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Dumping Go Daddy? Rivals offer domain transfer day deals


(CBS) - Go Daddy is unable to shake protesters on the eve of Move Your Domain Day.

Reddit's campaign against Go Daddy has made Dec. 29 the official day that protesters should transfer their websites to a different domain registrar. And rivals are vying to make gains at the company's losses.

Full coverage of SOPA at Tech Talk
SOPA supporters facing boycotts, thanks to Reddit
SOPA opposition from tech heavyweights Google, Facebook

If you're looking to dump Go Daddy, here are the registrars offering deals:

Name is offering 10 percent off transfers for COM, NET, ORG, TV, INFO, IN, US, CO, ME & TEL domains and 40 percent off hosting plans. The regular price for domain transfer starts at $7.39. Use promo code: STOPSOPA.

Namecheap will transfer COM, NET, ORG, BIZ and INFO domains for $6.99 and donate $1 to the Electronic Frontier Foundation with each transfer. The regular price for domain transfers starts at $8.98. Use promo code: SOPASUCKS.

Hover announced via Twitter that it would give a $1 off to domain transfers. Regularly priced at $10, domains transfers will go down to $9 with promo code SOPA.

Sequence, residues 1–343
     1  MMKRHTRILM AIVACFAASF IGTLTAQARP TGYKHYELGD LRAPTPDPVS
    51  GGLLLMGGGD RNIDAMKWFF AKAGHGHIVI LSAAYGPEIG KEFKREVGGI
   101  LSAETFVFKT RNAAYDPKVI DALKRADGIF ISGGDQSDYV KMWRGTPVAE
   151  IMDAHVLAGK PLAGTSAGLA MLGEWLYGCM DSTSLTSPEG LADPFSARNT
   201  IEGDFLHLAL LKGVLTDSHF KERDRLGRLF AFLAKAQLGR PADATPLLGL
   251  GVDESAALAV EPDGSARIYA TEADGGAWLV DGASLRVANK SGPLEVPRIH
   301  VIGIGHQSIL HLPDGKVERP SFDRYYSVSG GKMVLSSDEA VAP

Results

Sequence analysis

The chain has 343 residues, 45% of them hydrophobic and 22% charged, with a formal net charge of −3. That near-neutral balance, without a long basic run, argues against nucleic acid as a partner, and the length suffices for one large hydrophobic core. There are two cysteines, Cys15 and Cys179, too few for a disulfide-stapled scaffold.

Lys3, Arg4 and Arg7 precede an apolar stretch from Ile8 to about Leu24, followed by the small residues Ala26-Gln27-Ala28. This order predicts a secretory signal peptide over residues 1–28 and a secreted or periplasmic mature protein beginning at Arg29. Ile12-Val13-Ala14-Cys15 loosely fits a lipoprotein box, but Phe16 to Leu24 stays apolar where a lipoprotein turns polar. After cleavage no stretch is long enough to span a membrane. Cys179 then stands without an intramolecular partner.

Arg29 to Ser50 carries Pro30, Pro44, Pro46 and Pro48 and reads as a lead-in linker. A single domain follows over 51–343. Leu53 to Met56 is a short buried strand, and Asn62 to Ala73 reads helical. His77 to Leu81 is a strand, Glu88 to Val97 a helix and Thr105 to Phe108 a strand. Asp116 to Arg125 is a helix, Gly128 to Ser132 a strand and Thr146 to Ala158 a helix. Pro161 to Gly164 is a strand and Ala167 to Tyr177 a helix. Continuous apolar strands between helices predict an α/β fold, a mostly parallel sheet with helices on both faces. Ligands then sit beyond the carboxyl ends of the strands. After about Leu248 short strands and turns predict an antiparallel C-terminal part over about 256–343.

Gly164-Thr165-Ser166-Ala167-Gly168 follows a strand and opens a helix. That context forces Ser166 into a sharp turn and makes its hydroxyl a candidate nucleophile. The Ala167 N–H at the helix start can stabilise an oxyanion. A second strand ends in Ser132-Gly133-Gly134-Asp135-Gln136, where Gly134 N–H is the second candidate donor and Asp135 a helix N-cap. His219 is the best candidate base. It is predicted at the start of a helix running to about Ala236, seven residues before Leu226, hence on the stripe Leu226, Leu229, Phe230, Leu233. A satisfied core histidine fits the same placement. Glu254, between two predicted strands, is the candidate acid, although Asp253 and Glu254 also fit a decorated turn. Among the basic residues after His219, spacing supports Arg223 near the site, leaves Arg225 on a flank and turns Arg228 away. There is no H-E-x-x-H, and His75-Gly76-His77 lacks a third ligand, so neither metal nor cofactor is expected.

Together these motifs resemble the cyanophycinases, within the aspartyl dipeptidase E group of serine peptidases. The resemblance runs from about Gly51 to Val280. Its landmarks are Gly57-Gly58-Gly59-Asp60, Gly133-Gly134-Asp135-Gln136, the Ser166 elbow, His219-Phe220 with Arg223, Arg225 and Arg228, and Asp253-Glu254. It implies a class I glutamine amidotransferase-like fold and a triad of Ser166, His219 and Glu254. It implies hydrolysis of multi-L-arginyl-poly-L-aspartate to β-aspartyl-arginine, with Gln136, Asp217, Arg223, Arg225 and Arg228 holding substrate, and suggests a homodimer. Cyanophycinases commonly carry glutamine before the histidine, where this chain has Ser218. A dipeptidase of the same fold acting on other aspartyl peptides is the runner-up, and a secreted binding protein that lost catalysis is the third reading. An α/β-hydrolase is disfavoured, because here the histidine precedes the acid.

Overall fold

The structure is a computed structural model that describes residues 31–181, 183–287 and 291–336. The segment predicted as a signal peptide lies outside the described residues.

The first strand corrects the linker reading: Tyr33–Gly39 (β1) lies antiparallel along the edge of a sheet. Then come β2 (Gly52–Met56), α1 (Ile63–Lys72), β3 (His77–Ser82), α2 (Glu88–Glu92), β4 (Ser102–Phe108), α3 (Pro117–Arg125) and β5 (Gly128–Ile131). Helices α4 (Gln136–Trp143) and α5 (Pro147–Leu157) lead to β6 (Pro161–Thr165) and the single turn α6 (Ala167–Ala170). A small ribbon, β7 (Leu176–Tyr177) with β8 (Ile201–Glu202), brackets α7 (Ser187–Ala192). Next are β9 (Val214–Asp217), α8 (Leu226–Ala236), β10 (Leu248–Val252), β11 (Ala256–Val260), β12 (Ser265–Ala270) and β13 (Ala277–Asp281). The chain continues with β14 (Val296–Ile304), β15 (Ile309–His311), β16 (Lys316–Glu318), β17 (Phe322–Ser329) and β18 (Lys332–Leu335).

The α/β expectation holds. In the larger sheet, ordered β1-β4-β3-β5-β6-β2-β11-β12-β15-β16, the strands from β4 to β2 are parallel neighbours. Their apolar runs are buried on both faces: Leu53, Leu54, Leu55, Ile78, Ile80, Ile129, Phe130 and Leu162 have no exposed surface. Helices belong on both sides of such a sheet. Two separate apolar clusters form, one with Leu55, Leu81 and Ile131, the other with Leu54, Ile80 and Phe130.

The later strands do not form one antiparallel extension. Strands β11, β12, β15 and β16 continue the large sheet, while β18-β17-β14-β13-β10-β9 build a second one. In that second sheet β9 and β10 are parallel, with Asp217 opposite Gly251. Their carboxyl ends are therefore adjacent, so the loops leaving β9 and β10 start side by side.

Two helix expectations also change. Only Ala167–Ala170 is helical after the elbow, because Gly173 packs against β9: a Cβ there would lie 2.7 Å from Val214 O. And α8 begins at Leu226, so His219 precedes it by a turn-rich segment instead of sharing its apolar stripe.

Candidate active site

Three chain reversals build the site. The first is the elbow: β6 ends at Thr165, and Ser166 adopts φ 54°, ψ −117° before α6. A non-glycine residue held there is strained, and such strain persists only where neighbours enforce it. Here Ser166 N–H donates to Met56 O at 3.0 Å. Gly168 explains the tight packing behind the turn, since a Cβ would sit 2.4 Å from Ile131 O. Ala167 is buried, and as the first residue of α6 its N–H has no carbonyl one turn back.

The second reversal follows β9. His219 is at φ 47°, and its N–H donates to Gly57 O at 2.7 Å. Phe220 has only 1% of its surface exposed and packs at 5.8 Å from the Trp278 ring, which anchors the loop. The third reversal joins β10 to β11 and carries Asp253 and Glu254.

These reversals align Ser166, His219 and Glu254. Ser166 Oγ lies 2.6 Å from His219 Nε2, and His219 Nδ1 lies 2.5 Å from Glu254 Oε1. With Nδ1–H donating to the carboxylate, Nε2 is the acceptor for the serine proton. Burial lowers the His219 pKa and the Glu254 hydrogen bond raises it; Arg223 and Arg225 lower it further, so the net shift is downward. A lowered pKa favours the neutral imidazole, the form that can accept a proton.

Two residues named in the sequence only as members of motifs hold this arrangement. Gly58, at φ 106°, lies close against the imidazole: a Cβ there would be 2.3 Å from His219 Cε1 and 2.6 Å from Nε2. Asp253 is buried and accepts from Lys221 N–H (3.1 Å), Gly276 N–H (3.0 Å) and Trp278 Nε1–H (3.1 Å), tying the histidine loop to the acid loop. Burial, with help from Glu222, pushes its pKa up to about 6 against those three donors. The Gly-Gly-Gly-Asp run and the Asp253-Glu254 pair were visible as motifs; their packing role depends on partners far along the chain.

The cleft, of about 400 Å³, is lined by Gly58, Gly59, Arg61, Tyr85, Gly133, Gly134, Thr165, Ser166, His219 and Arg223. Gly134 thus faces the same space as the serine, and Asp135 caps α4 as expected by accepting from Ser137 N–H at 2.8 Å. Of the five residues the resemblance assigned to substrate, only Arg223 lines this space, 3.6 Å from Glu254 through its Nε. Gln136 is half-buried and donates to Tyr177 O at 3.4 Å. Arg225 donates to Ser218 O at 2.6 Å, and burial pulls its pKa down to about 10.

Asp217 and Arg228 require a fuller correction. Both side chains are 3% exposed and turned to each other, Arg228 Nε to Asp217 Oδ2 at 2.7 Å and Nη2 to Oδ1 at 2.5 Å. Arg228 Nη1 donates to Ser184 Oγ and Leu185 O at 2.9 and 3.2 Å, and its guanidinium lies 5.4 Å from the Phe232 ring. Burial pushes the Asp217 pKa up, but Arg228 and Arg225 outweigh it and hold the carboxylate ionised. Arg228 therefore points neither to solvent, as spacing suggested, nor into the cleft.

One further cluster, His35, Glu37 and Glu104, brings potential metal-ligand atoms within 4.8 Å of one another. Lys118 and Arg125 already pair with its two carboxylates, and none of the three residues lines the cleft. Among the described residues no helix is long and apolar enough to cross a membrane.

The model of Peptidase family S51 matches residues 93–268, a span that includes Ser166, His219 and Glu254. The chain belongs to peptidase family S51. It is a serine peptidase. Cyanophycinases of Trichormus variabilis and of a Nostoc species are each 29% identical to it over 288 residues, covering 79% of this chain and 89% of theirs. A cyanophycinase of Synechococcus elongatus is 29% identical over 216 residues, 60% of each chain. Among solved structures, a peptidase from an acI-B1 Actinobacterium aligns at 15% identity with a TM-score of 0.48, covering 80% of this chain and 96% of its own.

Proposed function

The controversy surrounding Go Daddy began on Dec. 22, when Reddit user selfprodigy declared on a forum thread that he (or she) would be transferring 51 personal domains to a different registrar to protest Go Daddy's support of the Stop Online Piracy Act (SOPA).

Go Daddy doesn't exactly have a squeaky clean reputation. Their marketing practices often objectify women and their chief executive officer Bob Parsons was recently in hot water for posting a video of his mission to kill an elephant in Africa.

SOPA is intended to curb the illegal download of copyrighted materials from foreign "rogue" sites, like The Pirate Bay. There is already legislation that provides some protection for copyrighted material, like the Digital Millennium Copyright Act (DMCA), which requires companies to remove copyrighted content "in good faith."

Worst-case scenarios are being debated. The Electronic Frontier Foundation speculates, "Instead of complying with the DMCA, a copyright owner may now be able to use these new provisions to effectively shut down a site by cutting off access to its domain name, its search engine hits, its ads, and its other financing even if the safe harbors would apply."

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